The Bull Market celebrated its 9th birthday this week. The Bear cycle low of 666 was hit on the S&P 500 on Friday, March 6, 2009. That weekend was anxious and the feeling that the Stock Market could actually go to zero was real. They were really dark days. 9 years ago capitalism nearly broke. I will never forget it, that is for certain. They say it’s always darkest before dawn. The following Monday, March 9, brought the beginning of the new uptrend amidst the ashes of the Financial Crisis. The baby Bull was born. 109 months later, the S&P is up over 300%. So much has happened since then. Things are so much brighter today. But nearly a decade later, the wounds are still there. Nerves are still shallow. The memory still brings fear. Nobody wants to go through anything like that again. But perhaps we are better for it. If you value Nietzsche’s perspective, it was a necessary and healthy shakeout. “That which does not kill us, makes us stronger.”
This Bull Market is the second longest and second largest since World War II. It is second only to the Dot.com Bull which lasted 114 months and gained over 400%. The Dot.com Bull brought full-blown euphoria and asset prices were inflated, well beyond any norm. It’s quite different from today’s Bull, which is not cheap by any stretch, but it is not exceedingly expensive either. A little euphoria started creeping in towards the end of last year, but February’s correction erased it immediately. Importantly, the fundamental backdrop is quite healthy right now, as evidenced by both economic growth as well as earnings growth. They are both accelerating. The Market engine is quite strong. We have no doubt that this current Bull outlives the Dot.com Bull. Whether it ultimately outdistances it in price is debated.
February’s job report was much stronger than expected. Over 300,000 jobs were created, but perhaps more important, inflation was revised a tick lower. Expectations were for just over 200,000 new jobs created. The Market likes the beat. This was the strongest report in nearly 2 years. Wage inflation cooled a bit to 2.6% and the January number, which spooked the Market as the catalyst for the correction a month ago, was ratcheted down to 2.8%. The Market likes that. This shouldn’t change the Fed thinking of higher rates this year, with a 4th hike likely in December. The first one for the year will come in 2 weeks at the March meeting. Inflation is definitely on the rise, which has caused the recalibration to account for the growth of earnings, the economy and how much has already been priced in. Core Inflation has been absent throughout the life of this Bull. It is finally showing up. But importantly, inflation is inching, not racing. Interest rates are higher, which is actually a good thing. Rates are rising for the right reason.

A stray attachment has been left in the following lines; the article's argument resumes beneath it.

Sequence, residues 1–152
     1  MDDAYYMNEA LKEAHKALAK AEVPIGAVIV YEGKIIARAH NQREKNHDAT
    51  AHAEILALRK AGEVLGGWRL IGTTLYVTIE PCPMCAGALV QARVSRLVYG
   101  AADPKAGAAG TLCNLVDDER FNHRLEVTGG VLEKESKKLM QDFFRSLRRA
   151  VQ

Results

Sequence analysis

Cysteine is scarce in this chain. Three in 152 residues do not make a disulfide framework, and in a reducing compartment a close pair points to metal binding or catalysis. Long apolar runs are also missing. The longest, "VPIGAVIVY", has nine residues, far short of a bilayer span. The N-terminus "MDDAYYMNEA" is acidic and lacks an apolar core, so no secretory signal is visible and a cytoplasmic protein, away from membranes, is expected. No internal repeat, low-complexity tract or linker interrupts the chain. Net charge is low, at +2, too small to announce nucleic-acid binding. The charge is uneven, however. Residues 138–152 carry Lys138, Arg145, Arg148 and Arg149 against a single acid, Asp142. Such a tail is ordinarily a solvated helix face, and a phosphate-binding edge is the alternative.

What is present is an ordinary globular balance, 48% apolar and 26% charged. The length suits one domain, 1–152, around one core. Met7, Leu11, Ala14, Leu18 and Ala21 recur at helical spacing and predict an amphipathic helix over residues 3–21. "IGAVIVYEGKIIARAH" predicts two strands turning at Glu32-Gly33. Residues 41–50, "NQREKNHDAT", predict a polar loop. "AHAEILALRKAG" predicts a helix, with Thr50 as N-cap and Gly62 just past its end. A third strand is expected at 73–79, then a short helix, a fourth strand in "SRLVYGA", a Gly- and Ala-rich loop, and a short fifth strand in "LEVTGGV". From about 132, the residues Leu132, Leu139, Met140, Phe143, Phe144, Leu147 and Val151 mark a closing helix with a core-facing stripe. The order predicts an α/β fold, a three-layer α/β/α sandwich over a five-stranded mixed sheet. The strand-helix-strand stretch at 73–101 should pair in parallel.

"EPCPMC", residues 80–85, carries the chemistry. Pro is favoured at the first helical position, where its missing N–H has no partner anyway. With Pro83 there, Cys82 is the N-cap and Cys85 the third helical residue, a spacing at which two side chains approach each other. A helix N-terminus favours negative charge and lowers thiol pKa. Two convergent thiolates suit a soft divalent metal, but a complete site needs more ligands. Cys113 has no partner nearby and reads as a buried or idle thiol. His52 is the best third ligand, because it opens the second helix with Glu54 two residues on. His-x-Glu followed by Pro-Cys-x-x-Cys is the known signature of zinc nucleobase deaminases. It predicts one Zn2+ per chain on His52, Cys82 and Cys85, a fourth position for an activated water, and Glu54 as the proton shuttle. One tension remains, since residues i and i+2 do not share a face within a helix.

Earnings Season is coming to an end. 97% of the S&P 500 companies have reported for the 4th Qtr. The numbers are really solid. 74% have beaten on earnings and 77% have beaten on revenues. These are great numbers. Q4 earnings grew nearly 15% year over year, marking the strongest quarterly growth since 2011. It’s also the fastest revenue growth since then too, just over 8%. Earnings for 2018 are now slated to be $157 now, a sharp increase from just a month ago. That has the Market trading at 17.5X this year’s estimates. The Stock Market is not cheap, but it’s certainly not wildly expensive either.
Market turbulence returned with the prospects of a possible trade war. The steel and aluminum tariffs were pushed forward this week, something that rattled the Market when the idea was floated last week. However, Stocks started moving higher after word spread that the White House was softening the tone on Mexico and Canada. For now, it is less of an issue. But how the rest of the world responds is. Also adding to the optimism was the prospect of a meeting between North Korea and the United States. This is being met with equal doses of optimism and skepticism. That’s about right.
These are interesting times in which we live. There’s always something. Despite all of the controversial issues, this Market has maintained its resiliency throughout. It’s the character of this 9-year old Bull. We are prepared for anything that comes our way, not convinced that the correction has been completed quite yet. 2018 will be remembered for its volatility. There’s quite a bit to go. We do believe that this Bull will see a 10th birthday, before it calls it quits. We know it’s going to be another eventful and volatile 12 months.
Have a nice weekend. We’ll be back, dark and early on Monday.